The Battleship USS Iowa

Until the end of 1944, Iowa and New Jersey  bombarded Japanese positions on Luzon. The ships were often a target of aerial strikes. During a kamikaze attack on November 25, Iowa fired seventy-eight 126 mm rounds and approximately six thousand 40 and 20 mm ones within 10 minutes, downing three Japanese aircraft.
At the beginning of December, Iowa, which had been in continuous service since January, had to be sent to a dry-dock. The propeller shaft bearings, which caused strong vibration at speeds over 25 knots, required an overhaul and repair. However, before the ship reached Ulithi, she was overtaken by a typhoon, which further damaged the propeller shaft and swept away one of the battleship’s float planes. The overhaul in the floating drydock at Manaus confirmed the need for repairs in the mainland United States. After crossing the Pacific, on January 15, 1945, Iowa entered Hunters Point Shipyard in San Francisco, where she remained until March 19.
During the repair work the ship changed her appearance slightly. The conning tower was rebuilt, the bridge area was enclosed and new windows were fitted, similar to those on the battleships Missouri and Wisconsin. The paint scheme was also altered, the characteristic camouflage was replaced by Measure 22 scheme. It is worthy of mentioning that, at that time all the Iowa class battleships wore the same camouflage scheme, and from a distance they seemed to look identical.
Upon her return to the Pacific, Iowa was deployed to shell enemy positions on Okinawa, where on April 15, she relieved her sister ship,  New Jersey.
On July 1, along with the battleships Missouri and Wisconsin, she departed towards the Japanese home islands of Honshu and Hokkaido. Their task was the bombardment of the shore targets which were still out of range of B-29 bombers. On August 27, 1945, Iowa, along with Missouri, entered Sagami Bay, and two days later steamed into Tokyo Bay. During the surrender ceremony that took place on board the battleship Missouri, the Iowa provided radio communication.
The ship remained in the Japanese waters until September 20, when she left for the United States. On the way, approximately 1.5 thousand building workers from Okinawa were embarked. They were taken to the United States as part of the Operation “Magic Carpet”. The ship called at Seattle on October 15. Until January 1946 she was engaged in training operations, steaming along the western coast of the United States. Then, she left home waters and after crossing the Pacific, on January 27, 1946, again entered Tokyo Bay, where she served as flagship of the 5th Fleet. On March 25, 1946, Iowa returned to Long Island to resume her role as a training ship, participating in various exercises.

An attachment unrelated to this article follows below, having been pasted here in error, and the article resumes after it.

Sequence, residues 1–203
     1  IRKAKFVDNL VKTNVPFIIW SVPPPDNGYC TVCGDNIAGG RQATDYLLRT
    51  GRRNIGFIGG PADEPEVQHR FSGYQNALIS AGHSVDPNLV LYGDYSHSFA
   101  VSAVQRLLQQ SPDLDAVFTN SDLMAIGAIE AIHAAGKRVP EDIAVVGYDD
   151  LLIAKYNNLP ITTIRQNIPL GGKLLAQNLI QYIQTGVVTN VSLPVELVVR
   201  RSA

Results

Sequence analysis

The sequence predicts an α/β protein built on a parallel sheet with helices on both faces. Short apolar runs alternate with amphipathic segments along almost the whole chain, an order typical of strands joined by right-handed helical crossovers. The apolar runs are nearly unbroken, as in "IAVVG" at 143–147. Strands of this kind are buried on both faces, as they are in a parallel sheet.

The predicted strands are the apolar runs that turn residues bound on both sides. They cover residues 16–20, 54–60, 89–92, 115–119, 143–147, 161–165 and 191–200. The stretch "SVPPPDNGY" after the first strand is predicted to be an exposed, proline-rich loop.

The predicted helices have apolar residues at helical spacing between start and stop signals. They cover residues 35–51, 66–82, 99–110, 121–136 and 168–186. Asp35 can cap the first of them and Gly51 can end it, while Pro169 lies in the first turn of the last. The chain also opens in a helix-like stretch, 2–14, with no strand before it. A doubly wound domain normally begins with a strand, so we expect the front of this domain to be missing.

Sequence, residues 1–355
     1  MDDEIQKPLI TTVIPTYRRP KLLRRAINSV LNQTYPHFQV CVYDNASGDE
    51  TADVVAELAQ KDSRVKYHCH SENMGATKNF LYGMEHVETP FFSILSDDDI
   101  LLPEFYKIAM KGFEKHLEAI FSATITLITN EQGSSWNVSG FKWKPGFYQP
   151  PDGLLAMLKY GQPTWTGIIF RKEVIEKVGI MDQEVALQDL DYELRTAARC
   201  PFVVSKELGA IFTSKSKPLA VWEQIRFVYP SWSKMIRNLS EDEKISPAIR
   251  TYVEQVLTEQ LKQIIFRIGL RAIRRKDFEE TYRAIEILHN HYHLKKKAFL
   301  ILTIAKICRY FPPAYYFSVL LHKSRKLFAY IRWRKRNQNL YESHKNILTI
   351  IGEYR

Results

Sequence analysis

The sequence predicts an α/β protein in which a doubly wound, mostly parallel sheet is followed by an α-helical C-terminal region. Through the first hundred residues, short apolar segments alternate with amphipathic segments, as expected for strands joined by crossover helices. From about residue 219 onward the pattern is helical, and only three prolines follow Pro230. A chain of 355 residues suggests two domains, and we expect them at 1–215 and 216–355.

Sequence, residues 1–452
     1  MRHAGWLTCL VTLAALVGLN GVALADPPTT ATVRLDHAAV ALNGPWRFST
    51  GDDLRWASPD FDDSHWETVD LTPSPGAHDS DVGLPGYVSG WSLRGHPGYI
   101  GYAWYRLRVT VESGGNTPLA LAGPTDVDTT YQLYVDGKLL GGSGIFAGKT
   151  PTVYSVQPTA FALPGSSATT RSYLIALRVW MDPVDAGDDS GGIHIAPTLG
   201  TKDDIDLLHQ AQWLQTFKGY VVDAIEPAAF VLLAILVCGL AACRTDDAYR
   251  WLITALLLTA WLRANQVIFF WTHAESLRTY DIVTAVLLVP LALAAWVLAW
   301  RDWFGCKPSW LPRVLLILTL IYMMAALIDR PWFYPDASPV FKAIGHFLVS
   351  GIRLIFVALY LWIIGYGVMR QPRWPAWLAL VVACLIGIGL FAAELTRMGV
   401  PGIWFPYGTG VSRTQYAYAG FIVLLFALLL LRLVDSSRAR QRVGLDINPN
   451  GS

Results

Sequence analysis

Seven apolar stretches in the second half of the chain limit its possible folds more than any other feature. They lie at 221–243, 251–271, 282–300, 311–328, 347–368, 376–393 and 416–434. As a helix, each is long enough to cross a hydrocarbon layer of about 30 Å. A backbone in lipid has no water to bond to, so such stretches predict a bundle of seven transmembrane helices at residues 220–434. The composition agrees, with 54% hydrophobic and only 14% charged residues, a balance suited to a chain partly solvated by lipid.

She served in that role until September 1948, when in San Francisco she was being prepared for deactivation. On March 24, 1949, the battleship was officially decommissioned into United States Navy reserve fleet.
The outbreak of the Korean War brought her reactivation and recommissioning  The reactivation work and assembling of her complement, who in the meantime was being trained on board the heavy cruisers, began on August 25 1951. It is worthy of mentioning, that during the reactivation work all the 20 mm Oerlikon guns were dismounted as they were deemed obsolete in the jet aircraft era. Both catapults were also removed and so were the floatplanes. The crane for operating the floatplanes was retained for working the ship boats. The removal of Oerlikons and catapults made the quarterdeck more spacious and therefore a perfect place for operating helicopters, which saw large scale use during the Korean conflict.
After trials and training exercises along the west coast, the fully operational battleship was deployed to the Far East. She called at the US naval base in Yokosuka on April 1, 1952, and by relieving the battleship Wisconsin, became the flagship of the 7th Fleet. Her service during the Korean War, similarly to that in the closing month of World War II, was passed in bombarding North Korean positions. The guns of the battleship destroyed ammunition dumps, supply depots and bunkers of the North Korean army, thus supporting the South Korean troops. Apart from those tasks, the ship often participated in search and rescue mission for pilots of the downed American aircraft.
On October 17, 1952, Iowa left Korean waters and returned to the naval base in Yokosuka, only to put to sea for a long journey to the Norfolk Naval Base on the east cost of the United Sates. There she was dry-docked and prepared to serve as a training ship. For the years to come, Iowa made numerous training voyages and international courtesy calls.
In the middle of 1953, the battleship served as flagship of the US 2nd Fleet during the NATO Operation “Mariner” in north European waters. In June 1954, on her way to the base in Guantanamo Bay, Cuba,  Iowa had a rare opportunity to meet with her three remaining sister ships. For the next few weeks, the “Quadruplet” operated as a task force in Caribbean waters. At the turn of 1954-55, Iowa served in the Mediterranean Sea as a flagship of the consecutive commanders of the US 6th Fleet. In September 1957, she took part in the NATO’s Operation “Strikeback” in the North Atlantic.
At the end of 1957 a decision was made to decommission the battleship, because of her high maintenance costs. Iowa was towed to Philadelphia and on January 24, 1958, deactivated for 24 years, becoming a part of the so-called “Mothball Fleet” with other similarly treated warships.